Her tail wagged once.
She looked up at me with hope leaping out of her eyes. That hope curled itself around my heart and I was lost. Her tail wagged again, very tentatively. It was her eyes that caught me though. Vulnerable and full of a kind of expectation: Please…please..!
She was an elderly black Labrador called Queenie.
“Queenie! That’s a beautiful name,” I said crouched down in front of her, rubbing her ears. “Do you feel like coming for a walk with me, Angel-Face?”
At the word ‘walk’, she gave an exciting whine and her whole body seemed to curve into a gigantic series of mad wags.
“You and Queenie will go well together. She’s a lovely docile dog,” said the lady handing me the lead.
That immediately put my hackles up. Queenie’s too, I’m sure.
Docile! Why did I require a ‘docile’ dog? Yes, I had a limp but I could limp faster than some people could run. Well, maybe not that fast but I was definitely not a docile individual. I would lay down my life that Queenie was no docile dog!
“C’mon, Queenie, we’ll show her,” I whispered to my new non-docile friend.
My friend, B, had excitedly shown me this advertisement in the paper: “Be a rainbow of colour and join Oudtshoorn Dogs in Need (Odin) at Tantivvey in Blanco for their Odin Mutt Run and 5km Family Colour Run.
Participants are asked to wear a white t-shirt and bring a lead to enjoy a 5km run/walk with a shelter dog.”
Odin is a pro-life organisation that focuses on outreach programmes for animals in need. Their kennels are at the Municipal Pound in Oudtshoorn and Blanco, George. They educate, medicate, rescue and re-home dogs.
I told Perdita, my own little rescue dog, that I was leaving her at home.
“I am taking another dog who still needs to be rescued, out for a walk today. You can’t come with me. I will see you later.”
B and I had told our friends about this walk so on that Saturday we all pitched up. I was given the gorgeous Queenie, B had a lovely young playful dog, Snowy, that leaped up at her in his joie de vivre. Everyone was given a dog, with their individual character traits. In the same way, every dog was given a person with their individual character traits! The dogs set off joyfully, almost seeming to drag the people at the end of the leash with them. Everywhere I looked, there were dogs streaming before and behind me. It was this wonderfully endless chain of dogs and people.
I was singing very softly to myself: ‘How much is that doggie in the window, the one with the waggly tail, how much is that doggie…’
I was suddenly sprayed with this dust like purple paint. Glory be, I had totally forgotten about the paint.
“Careful of my Cochlear Implants!” I shouted. I suddenly remembered that I was wearing a coloured hat that was doing precisely that. It was protecting my Cochlear Implants. Queenie looked back at me reassuringly. Like me, she was sprayed purple.
“It’s okay,” she seemed to say. “It’s actually quite a fun colour. Just enjoy!”
The pink paint sprayer didn’t surprise me when the dust cloud landed on my shirt. By then I was expecting it. The green and yellow followed suit. Queenie was quicker than me and dodged the paint. The purple dog merrily led the pink, purple, green and yellow woman on her way.
The laughing sprayed procession began it’s walk around the dam. That was when I heard a loud shout behind me. I turned to see that my friend, Jan’s Labrador cross Bulbul had decided that as well as being a great day for a walk, it was also terrific day to have a swim. He proceeded to pull Jan into the dam with him. Amidst much laughter, protests and imploring to Brutus to come out, a wet bedraggled friend swopped dogs with Tim. He was being led by a cheeky faced Jack Russell who went quite willingly to Jan. He gave her a few comforting licks and continued on his way leading a laughing Jan around the dam.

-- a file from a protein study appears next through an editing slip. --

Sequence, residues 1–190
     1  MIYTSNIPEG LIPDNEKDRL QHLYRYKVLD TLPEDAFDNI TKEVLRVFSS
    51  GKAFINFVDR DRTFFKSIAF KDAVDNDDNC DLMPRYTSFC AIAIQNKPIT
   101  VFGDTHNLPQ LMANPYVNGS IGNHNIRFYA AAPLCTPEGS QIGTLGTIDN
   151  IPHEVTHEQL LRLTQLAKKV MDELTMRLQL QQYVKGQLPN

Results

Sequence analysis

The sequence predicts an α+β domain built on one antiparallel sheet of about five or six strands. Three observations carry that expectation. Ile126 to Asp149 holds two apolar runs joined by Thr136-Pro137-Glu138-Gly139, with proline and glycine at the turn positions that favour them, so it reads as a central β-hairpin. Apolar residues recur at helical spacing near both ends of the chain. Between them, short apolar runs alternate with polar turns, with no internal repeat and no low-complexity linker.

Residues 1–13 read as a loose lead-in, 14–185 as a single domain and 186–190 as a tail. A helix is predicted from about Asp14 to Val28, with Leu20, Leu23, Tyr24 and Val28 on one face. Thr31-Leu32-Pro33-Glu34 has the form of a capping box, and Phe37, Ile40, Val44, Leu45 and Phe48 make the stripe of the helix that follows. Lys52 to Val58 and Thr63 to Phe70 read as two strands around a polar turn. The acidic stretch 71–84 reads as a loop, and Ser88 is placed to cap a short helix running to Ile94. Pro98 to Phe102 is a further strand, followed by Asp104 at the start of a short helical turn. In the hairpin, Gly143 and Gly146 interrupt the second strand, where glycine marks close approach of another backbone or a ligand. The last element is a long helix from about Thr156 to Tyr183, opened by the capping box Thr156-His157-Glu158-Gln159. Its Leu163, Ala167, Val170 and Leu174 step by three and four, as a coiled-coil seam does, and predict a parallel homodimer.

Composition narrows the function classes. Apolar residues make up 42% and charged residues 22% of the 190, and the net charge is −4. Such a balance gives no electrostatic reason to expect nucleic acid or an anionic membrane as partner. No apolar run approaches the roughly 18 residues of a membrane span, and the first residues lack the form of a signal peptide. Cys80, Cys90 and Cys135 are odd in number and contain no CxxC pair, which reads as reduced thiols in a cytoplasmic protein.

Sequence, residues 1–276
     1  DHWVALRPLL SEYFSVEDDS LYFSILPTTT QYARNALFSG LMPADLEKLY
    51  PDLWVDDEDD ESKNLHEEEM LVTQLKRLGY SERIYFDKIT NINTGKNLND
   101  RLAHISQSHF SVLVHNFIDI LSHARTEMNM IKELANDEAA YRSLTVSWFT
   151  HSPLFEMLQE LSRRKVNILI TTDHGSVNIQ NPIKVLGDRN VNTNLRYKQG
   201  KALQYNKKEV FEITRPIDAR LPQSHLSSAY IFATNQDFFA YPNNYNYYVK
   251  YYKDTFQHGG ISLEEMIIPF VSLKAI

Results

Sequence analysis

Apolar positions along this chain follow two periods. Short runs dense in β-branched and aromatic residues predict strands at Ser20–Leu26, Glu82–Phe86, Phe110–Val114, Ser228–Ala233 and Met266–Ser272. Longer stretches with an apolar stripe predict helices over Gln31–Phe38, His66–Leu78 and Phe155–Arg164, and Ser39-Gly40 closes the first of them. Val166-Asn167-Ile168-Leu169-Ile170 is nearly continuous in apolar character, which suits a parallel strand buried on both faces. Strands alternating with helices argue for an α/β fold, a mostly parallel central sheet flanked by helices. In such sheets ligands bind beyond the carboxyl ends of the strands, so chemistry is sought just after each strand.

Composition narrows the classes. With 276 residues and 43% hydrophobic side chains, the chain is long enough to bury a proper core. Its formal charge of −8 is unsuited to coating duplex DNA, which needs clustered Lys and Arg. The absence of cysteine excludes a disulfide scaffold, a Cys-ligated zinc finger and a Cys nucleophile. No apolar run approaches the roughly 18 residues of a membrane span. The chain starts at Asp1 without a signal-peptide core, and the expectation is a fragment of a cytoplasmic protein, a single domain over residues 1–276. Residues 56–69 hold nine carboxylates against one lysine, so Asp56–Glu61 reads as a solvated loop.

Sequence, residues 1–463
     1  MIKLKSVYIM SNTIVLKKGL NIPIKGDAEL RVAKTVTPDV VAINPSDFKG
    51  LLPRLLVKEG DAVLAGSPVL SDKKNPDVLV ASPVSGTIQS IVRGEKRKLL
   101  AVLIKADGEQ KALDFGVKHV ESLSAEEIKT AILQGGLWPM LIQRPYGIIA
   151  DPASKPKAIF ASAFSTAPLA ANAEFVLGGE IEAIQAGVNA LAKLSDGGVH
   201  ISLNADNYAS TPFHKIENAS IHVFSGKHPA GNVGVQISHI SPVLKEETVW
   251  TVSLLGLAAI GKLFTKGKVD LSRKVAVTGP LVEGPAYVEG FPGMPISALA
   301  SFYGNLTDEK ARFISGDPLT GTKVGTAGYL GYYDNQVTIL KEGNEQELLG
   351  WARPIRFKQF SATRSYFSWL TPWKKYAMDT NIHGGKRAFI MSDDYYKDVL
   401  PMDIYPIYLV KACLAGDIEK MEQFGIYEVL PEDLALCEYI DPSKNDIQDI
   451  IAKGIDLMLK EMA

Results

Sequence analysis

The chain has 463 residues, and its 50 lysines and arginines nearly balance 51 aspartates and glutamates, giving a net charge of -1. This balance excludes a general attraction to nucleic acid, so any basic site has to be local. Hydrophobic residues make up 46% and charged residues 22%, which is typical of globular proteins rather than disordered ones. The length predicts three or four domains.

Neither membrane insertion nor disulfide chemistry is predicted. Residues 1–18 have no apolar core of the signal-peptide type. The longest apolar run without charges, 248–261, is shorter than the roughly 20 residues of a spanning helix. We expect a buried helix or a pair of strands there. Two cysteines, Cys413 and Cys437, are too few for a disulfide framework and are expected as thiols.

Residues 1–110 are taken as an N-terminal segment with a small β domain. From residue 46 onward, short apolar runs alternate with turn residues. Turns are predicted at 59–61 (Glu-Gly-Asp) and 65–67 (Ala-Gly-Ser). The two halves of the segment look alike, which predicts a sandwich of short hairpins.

At the end of our five kilometre walk, we approached the kennels once more. I felt Queenie’s steps begin to falter and slow. She did not want her walk to end. I did not want it to end. I imagined what it must be like for her. It must feel like going back to prison. Being caged up, sleeping on a concrete floor and worst of all, being deprived of love. My steps slowed but there was no getting away from it. Queenie and I arrived back at the kennels. I knelt down and looked into her beautiful deep eyes.
“Thank you for taking me on a wonderful walk, Queenie. I wish that you could come home with me but…”
“Can I take her now?”
This young boy looked at me eagerly.
“You’re taking her for a walk?” He nodded. “Terrific,” I exulted. “Her name is…”
“Queenie,” he finished for me. “And she’s getting impatient.”
I watched the two of them run off. Go, ‘docile Queenie’, run. Run like the wind!
How I wish that amazing institutions like Odin and the SPCA didn’t exist because every animal that needed a home had one. That they all had a special person that loved and cherished them. Suddenly I thought of Perdita, the little dog that shared my home with me. She had been by herself for hours. I must get back to her and take her for a walk. I laugh at her. Despite now being sixteen years old, she welcomes me with these big yelps and then charges from room to room with me chasing her.
Dogs love you unconditionally. You have no idea of the love that streams out of them to you. If you are thinking of getting a dog, please don’t go off to a pet shop or a breeder. There are so many dogs crying out for love at organisations like the SPCA and Odin. Perdita came to me from the SPCA as a two year old who had just had two puppies. I waited until her puppies were weaned and then joy entered my life!
I wish that those dogs on the walk that day, could be given the same chance to show their love.
I know that Queenie would!